Project developers have to decide on the instruments used for evaluation, such as anemometers and meteorological data, and whether already available information on the site are reliable or require further examination, according to the BWE. Since a doubling of the wind’s speed equals an eightfold increase in available wind power, an accurate assessment over several months and in relation to previous years is decisive for the project’s long-term profitability.

The production estimate is further refined in wind park’s layout by calculating the interaction effects of turbines on the energy yield and optimising their arrangement. Further aspects include possible costs that may accrue from constructing access ways for service vehicles.

“This assessment may take between two and three years,” says Kerstin Mann of project developer VSB. Obtaining the construction license takes another two to three years whereas construction can be done in well under one year, she explains. “Depending on the location’s complexity and infrastructure requirements, the entire process takes somewhere between five to seven years.”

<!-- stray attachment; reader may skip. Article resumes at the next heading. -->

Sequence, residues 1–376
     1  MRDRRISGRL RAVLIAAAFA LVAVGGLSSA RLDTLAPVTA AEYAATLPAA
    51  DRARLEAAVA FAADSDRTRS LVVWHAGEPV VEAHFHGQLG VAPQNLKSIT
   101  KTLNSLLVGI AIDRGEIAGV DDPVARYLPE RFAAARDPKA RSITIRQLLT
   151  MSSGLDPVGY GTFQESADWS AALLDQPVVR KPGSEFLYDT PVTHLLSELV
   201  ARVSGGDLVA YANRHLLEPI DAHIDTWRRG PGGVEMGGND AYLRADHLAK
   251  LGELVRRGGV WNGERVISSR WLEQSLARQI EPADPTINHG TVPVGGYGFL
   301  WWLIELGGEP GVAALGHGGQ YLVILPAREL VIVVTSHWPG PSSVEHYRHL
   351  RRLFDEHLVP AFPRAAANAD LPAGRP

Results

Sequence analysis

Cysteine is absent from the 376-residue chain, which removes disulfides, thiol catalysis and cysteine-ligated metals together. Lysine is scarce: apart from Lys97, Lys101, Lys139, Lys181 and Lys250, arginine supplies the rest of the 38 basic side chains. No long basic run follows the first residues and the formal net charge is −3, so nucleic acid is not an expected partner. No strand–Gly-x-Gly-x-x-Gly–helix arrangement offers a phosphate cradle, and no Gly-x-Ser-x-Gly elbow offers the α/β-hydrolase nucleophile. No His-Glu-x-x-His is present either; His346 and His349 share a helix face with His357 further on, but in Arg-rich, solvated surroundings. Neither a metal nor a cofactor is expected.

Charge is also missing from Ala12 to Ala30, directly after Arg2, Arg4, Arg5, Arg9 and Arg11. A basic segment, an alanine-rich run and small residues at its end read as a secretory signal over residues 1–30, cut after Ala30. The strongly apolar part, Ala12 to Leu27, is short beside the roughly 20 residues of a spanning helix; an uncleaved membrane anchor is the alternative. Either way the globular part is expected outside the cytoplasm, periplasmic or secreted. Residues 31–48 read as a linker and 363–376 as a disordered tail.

Developers also have to check for available network connection lines and other infrastructure, which can be calculated using specialised software programmes. They need to research the distance to the nearest feeding point as well as the grid’s stress level. If the park’s planned capacity is large enough, building a proper transformation substation might be the best option. Grid operators provide a compulsory network connection point and planners have to ensure legal and physical requirements are met in order to link the turbines to the grid.

Licensing & land procurement